The "Emancipator of the Slums"
Jacob Riis was an investigative reporter and a pioneer in photo journalism at the dawn of the 20th century. He used photography to document the appalling conditions under which the poor were living in New York City. Riis knew that his photographs would evoke feelings of guilt that would make people feel some responsibility for the misfortunes of others and inspire them to take action to alleviate their suffering.
Jacob August Riis was born in Denmark in 1849, and immigrated to the United States in 1870 at the age of 21. He arrived in New York City with no money, but like so many other immigrants, he was hoping to make his fortune in America. Unfortunately for Riis, America was in the middle of a depression in 1870, and many people were out of work and homeless.
Riis managed to find a few odd jobs from time to time, but was unable
to find steady work. There were many times that he didn't have enough
money for food or shelter and was forced to live on the streets. During
the winter months he couldn't sleep outside, so he had to utilize the
only option for shelter available to people at that time who had no
money - a police lodging house. They were dirty and crowded, and people
had to sleep on the bare floor, on newspapers or a plank of wood, but at
least they had a roof over their head.
Riis was an advocate for the immigrant poor, the oppressed, the
exploited, and the downtrodden. He wrote that the poor were victims of
economic slavery and that they were the "victims rather than the
makers of their fate." He also believed that poverty and misfortune
were responsible for criminal behavior. He blamed much of the misery and
crime present in the slums on the greed of landlords and building
speculators. Riis called it "premeditated murder as large-scale
economic speculation." His reporting inspired shock and horror
among New York's rich and middle classes.
His book also captured the interest of the New York Police Commissioner,
Theodore Roosevelt, who would later become governor and then the 26th
president of the United States. Riis took Roosevelt with him on his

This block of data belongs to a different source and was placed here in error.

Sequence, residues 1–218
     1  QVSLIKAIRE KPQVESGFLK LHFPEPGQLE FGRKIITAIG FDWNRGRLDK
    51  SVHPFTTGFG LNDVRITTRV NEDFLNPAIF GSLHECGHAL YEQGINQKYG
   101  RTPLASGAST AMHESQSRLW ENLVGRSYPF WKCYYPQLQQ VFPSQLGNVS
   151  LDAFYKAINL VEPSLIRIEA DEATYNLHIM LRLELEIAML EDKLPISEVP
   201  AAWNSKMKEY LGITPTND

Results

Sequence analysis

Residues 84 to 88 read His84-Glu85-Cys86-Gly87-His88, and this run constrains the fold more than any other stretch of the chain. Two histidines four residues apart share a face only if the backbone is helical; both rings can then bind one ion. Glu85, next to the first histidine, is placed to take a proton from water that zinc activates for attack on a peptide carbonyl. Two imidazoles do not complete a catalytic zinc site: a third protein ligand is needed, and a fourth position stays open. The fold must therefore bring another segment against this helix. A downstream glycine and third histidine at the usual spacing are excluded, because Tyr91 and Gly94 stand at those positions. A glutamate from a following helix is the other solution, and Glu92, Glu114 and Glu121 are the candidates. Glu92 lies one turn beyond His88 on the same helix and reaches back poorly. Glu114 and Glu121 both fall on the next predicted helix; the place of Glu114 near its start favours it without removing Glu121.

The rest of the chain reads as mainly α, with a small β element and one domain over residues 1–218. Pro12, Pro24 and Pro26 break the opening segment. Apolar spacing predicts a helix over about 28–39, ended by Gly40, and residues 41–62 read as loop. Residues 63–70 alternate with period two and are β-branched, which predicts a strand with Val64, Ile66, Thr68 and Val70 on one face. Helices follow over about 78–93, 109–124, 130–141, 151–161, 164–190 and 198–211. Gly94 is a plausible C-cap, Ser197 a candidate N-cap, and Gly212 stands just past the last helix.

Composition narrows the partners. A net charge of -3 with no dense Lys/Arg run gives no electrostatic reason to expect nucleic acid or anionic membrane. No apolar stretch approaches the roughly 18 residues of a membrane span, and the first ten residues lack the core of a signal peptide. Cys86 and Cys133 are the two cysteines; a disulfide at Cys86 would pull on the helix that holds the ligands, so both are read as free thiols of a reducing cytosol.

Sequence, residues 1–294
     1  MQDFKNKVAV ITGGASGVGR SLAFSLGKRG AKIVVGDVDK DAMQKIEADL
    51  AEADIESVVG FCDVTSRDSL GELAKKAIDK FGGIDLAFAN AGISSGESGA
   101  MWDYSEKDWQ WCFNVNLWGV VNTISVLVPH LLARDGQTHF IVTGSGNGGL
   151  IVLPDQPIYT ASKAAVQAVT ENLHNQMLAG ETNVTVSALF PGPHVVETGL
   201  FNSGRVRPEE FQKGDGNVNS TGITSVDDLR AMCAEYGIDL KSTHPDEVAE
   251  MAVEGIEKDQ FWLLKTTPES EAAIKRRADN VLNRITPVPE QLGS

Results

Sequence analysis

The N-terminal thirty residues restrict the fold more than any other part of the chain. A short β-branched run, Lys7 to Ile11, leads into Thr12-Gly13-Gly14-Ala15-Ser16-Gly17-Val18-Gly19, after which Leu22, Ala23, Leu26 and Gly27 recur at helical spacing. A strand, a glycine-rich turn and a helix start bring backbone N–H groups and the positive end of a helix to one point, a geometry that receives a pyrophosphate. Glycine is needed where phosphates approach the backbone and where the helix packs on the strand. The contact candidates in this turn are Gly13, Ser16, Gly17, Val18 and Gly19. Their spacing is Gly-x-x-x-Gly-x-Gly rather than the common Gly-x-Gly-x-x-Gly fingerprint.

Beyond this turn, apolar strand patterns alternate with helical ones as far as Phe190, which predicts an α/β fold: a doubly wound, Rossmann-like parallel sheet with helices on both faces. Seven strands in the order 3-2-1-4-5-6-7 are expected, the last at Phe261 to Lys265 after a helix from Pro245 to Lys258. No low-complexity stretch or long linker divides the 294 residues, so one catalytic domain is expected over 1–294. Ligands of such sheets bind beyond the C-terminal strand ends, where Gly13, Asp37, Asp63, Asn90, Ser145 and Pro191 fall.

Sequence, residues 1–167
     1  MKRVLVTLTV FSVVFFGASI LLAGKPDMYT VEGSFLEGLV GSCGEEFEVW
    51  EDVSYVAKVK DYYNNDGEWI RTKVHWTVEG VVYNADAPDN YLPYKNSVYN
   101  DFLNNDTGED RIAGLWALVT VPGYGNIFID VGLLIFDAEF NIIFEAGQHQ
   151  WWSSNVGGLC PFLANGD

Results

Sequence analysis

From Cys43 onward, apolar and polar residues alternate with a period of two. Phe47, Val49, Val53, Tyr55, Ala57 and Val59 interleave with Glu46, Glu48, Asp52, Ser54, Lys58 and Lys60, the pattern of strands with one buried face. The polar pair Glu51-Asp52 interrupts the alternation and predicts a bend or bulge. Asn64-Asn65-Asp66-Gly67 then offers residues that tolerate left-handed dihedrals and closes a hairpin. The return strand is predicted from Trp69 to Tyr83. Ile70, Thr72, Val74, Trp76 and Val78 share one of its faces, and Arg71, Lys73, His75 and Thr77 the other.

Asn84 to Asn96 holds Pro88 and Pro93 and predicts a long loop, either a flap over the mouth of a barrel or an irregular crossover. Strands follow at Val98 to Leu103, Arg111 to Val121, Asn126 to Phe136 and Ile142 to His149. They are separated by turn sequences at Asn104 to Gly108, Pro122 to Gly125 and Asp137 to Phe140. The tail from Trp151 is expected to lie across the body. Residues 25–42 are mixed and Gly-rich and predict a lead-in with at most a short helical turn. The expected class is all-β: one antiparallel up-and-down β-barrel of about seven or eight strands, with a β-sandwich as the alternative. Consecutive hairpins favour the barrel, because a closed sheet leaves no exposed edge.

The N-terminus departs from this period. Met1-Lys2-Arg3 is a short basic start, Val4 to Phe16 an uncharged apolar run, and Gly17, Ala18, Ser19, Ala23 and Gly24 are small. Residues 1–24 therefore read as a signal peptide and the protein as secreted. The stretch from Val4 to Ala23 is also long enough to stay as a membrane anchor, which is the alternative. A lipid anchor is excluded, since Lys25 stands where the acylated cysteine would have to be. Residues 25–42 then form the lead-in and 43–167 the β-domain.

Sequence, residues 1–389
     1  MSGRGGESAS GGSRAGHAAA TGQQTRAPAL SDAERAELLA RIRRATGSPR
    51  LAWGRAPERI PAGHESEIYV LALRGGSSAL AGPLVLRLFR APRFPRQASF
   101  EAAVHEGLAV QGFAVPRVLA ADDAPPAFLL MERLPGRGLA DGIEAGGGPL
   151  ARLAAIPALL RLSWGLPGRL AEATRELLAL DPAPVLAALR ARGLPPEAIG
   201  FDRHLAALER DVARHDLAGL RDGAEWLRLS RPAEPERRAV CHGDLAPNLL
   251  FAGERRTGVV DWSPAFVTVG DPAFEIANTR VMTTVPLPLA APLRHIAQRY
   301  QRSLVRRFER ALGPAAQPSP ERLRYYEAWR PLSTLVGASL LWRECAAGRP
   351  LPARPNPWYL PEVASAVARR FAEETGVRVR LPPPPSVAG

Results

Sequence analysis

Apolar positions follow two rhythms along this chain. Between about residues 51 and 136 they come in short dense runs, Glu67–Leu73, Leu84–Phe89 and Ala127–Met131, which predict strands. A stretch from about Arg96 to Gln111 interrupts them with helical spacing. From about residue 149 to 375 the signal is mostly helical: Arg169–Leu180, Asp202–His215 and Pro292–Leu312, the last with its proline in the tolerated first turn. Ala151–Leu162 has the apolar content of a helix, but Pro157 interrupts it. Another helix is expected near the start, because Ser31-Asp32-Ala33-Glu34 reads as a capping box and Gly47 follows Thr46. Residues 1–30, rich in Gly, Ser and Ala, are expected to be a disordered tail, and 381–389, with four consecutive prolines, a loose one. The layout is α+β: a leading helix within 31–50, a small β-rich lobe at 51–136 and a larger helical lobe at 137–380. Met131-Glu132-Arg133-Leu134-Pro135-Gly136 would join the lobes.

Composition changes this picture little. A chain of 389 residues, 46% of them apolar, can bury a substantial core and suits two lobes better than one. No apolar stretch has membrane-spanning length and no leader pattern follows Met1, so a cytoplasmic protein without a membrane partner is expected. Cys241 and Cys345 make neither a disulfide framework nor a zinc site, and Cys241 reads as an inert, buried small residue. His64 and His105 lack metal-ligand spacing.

forays into the dark corners of the city. When Roosevelt became governor
he closed down the police lodging houses, and led the fight to enact
many reforms. Roosevelt called Riis "the most useful citizen of New
Riis continued to write and lecture on the problems of the poor for the rest of his life. He wrote several other books; including Children of the Poor (1892), Out of Mulberry Street (1898), The Battle With the Slum (1902), Children of the Tenement (1903), and his autobiography, The Making of an American (1901).
Riis conducted "magic lantern" shows in cities all over
America, where he projected his photos onto a large screen. One
newspaper reported, "His viewers moaned, shuddered, fainted and
even talked to the photographs he projected, reacting to the slides not
as images, but as a reality that transported the New York slum world
directly into the lecture hall."
Jacob Riis has been credited with precipitating many of the reforms that improved the living conditions of the poor during what is now known as the Progressive Era. Health and sanitation laws were passed and enforced. Landlords were forced to make repairs and improvements. Laws were passed requiring modern improvements to new residential construction. The Mulberry Bend slums were eventually razed, largely due to his efforts. He also started the Tenement House Commission and the Jacob A. Riis Settlement House. By the time he died in Barrie, Massachusetts, on May 26, 1914, he was known as the "Emancipator of the Slums."
His work has proven to be an invaluable resource to historians and
social scientists ever since, but many of his photographs would be lost
today if it weren't for a photographer and historian named Alexander
Alland. In 1946, he searched for and found Riis's original glass plate
negatives in the attic of the Riis family home right before it was to be
torn down. They are now part of the collection of the Museum of the City
of New York.
Riis' magnificent contributions to the betterment of living conditions for the immigrant poor might never have happened, were it not for the love of that little dog. He always concluded his lectures with the declaration, "My dog did not die unavenged!" and no one will ever disagree with that.